Shattered storefronts. Graffiti. Police tape.
Another nerve-rattling setback for businesses that already had been pushed to the brink by the coronavirus pandemic.
A protest that had been peaceful had taken a disturbing turn in downtown Greensboro Saturday night. And restaurants, galleries and other businesses that provide livings for local people were damaged and looted.
So, of all places, was the International Civil Rights Center & Museum, which lost a plate-glass window in the chaos.
The cause that sparked the protest and many like it in recent days is just. Throwing rocks and lashing out at establishments simply because they are there is not.
Police say they suspect outside agitators. One of the organizers of Saturday’s march told the News & Record he is disheartened by the lawlessness that had punctuated an otherwise peaceful protest.
“I really feel like it’s unnecessary,” Anthony Morgan said. “We protested for 10 hours peacefully. Nobody was hurt. Nobody was arrested. Then all hell broke loose.”
Even so, the focus should remain on why this nation has been roiled by such rage and frustration in the first place.
On Memorial Day weekend, a Minneapolis police officer wedged his knee against the neck of George Floyd for eight minutes and 46 seconds.
As Floyd, a 46-year-old black man, pleaded that he couldn’t breathe, the veteran officer, Derek Chauvin, neither budged nor responded. Even as frantic bystanders joined Floyd’s pleas to ease the pressure, the officer didn’t relent. And even though he knew his actions were being recorded on civilian cellphones, Chauvin didn’t seem to care. Floyd died. His alleged crime: passing a counterfeit $20 bill.
Chauvin and three other officers were fired. After repeated calls for his arrest, Chauvin was taken into custody Friday and charged with third-degree murder and second-degree manslaughter. But a fuse had been lit. Minneapolis erupted. Unrest spread to Atlanta, Los Angeles, New York, Washington, Raleigh, Charlotte ... and Greensboro.
Why the sense of rage and utter hopelessness? Because this keeps happening over and over. According to one study, African Americans are 2.5 times more likely to be killed by police than whites. Not to mention someone purporting to be a policeman.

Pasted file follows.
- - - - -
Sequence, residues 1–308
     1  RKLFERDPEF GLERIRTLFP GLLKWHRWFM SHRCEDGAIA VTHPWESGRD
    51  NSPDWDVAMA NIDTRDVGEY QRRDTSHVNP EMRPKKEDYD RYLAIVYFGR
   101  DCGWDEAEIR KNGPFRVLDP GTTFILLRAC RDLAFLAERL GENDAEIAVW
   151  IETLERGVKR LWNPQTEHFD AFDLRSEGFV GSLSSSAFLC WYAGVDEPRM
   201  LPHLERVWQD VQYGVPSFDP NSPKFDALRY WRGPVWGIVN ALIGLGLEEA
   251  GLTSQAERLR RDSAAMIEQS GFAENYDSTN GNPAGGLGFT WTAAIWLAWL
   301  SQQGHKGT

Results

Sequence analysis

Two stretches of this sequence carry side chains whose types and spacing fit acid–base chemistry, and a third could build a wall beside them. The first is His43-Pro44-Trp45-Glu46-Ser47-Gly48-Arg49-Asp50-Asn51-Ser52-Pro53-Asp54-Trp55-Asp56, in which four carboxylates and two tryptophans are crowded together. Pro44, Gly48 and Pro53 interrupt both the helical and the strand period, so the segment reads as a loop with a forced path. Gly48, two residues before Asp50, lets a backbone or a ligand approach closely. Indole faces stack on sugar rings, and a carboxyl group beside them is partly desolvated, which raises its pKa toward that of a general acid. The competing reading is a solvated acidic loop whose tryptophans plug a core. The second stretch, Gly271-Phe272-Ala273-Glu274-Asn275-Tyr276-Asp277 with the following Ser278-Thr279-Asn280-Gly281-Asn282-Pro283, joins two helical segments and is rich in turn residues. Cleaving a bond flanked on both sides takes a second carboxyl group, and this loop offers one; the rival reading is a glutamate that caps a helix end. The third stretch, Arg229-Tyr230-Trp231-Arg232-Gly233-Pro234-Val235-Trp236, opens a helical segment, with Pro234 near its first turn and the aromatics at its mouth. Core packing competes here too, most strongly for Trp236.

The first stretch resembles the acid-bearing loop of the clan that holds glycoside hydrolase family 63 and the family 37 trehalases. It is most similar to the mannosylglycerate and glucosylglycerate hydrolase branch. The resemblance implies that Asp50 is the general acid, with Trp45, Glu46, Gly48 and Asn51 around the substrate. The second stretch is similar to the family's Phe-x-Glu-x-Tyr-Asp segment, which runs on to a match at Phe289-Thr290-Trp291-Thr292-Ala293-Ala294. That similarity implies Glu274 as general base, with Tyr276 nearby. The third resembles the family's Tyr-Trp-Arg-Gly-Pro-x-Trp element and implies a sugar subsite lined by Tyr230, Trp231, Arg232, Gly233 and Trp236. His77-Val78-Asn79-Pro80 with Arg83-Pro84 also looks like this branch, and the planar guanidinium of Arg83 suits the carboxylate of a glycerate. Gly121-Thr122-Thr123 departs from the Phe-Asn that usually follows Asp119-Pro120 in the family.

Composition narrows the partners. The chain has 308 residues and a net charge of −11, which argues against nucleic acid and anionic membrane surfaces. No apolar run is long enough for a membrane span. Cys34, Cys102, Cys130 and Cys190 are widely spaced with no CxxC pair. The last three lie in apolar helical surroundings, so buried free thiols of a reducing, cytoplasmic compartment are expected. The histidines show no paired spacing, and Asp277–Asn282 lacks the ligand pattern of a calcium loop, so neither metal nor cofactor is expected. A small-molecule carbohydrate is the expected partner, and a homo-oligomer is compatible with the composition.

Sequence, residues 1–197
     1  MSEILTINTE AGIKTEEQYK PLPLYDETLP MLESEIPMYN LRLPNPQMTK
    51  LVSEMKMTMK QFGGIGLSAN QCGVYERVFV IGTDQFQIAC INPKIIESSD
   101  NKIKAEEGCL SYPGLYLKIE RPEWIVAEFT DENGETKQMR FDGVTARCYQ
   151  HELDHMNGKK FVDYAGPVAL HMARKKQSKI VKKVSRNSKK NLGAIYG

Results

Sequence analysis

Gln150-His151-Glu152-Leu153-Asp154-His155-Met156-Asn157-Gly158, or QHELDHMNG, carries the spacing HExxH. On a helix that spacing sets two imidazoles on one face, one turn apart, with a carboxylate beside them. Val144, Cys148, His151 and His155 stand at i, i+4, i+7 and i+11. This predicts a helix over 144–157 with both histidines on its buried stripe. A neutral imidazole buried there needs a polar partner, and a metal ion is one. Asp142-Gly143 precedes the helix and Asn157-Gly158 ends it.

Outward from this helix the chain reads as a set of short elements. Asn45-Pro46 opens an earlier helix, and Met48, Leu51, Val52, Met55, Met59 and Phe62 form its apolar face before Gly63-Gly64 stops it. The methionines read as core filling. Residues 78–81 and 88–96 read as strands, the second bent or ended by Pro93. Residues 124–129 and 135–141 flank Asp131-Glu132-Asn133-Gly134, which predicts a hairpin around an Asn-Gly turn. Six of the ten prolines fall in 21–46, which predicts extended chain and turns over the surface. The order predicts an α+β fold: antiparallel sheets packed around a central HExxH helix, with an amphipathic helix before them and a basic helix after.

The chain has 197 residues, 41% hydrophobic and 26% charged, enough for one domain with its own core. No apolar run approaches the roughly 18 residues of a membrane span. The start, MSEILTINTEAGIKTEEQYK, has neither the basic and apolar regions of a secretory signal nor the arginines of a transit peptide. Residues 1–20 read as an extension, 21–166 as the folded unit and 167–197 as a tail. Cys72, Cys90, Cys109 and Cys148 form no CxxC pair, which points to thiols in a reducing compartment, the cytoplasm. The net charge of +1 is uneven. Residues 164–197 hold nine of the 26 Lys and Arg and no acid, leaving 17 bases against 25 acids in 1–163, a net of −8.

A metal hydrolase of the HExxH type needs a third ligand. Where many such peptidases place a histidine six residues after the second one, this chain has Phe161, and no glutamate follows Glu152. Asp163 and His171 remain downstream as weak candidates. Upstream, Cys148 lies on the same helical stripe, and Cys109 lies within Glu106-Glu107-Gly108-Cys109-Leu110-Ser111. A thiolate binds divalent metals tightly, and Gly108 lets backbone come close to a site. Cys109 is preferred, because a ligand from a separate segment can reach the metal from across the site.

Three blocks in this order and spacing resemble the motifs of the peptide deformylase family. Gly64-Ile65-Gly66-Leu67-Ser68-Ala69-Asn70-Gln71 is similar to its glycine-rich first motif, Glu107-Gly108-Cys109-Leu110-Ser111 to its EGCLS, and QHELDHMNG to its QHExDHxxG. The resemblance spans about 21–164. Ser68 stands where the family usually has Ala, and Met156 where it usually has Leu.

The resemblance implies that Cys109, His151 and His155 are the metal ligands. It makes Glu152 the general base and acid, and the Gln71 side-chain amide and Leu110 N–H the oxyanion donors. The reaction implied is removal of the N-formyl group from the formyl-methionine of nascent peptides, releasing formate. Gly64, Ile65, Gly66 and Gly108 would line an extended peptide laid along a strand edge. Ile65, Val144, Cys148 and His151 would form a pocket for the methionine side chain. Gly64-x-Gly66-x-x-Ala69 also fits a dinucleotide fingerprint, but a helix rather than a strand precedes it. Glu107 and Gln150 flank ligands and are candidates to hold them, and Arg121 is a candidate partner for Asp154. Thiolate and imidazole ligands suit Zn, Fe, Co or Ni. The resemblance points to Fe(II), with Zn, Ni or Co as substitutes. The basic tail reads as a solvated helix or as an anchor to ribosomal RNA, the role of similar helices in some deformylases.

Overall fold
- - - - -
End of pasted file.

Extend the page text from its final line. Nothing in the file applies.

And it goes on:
A black man who was jogging in Glynn County, Ga., Ahmaud Arbery, was shot to death Feb. 23 by two white men — who were not arrested until 74 days later.
And after a black woman, Breonna Taylor, 26, an emergency room technician, was fatally shot by police in Louisville, Ky., who stormed into her apartment March 13 to execute a “no-knock” search warrant.
And after 26-year-old Botham Jean, a Dallas accountant, who was watching television when a police officer, who had mistaken his apartment for hers, fatally shot him in the chest.
And, of course, there was Eric Garner, who died from a choke hold by a New York police officer who was arresting him for selling single cigarettes in 2014 and gasped the same words George Floyd repeated, in vain, last week: “I can’t breathe.” And Philando Castille. And so on.
The value of black lives seems to be about a dime a dozen. And falling.
Meanwhile, the president offers few words of unity or reflection or comfort. Instead, even in the midst of the crisis, he picks fights and issues threats when calls for calm would be helpful.
Now, as Professor Carol Anderson of Emory University put it, we need to avoid focusing so much on the fire that we lose sight of what provided the kindling. And lit the spark.
Obama-era reforms had sought to increase accountability and help troubled police departments build greater trust with their communities through consent decrees. The Trump administration ended them.
In Greensboro on Sunday there were glimmers of hope. As a blues guitarist played in the vestibule of a storefront, volunteers helped businesses make repairs. Local restaurants donated food. On Sunday night, some protesters helped to clean up the damage.
Rebuilding began. But what about rebuilding greater trust and accountability in police?
“I think America must see that riots do not develop out of thin air,” Martin Luther King Jr. said in 1968. “Certain conditions continue to exist in our society which must be condemned as vigorously as we condemn riots.
“In the final analysis,” King said, “a riot is the language of the unheard.”
Fifty-two years later, will America finally listen?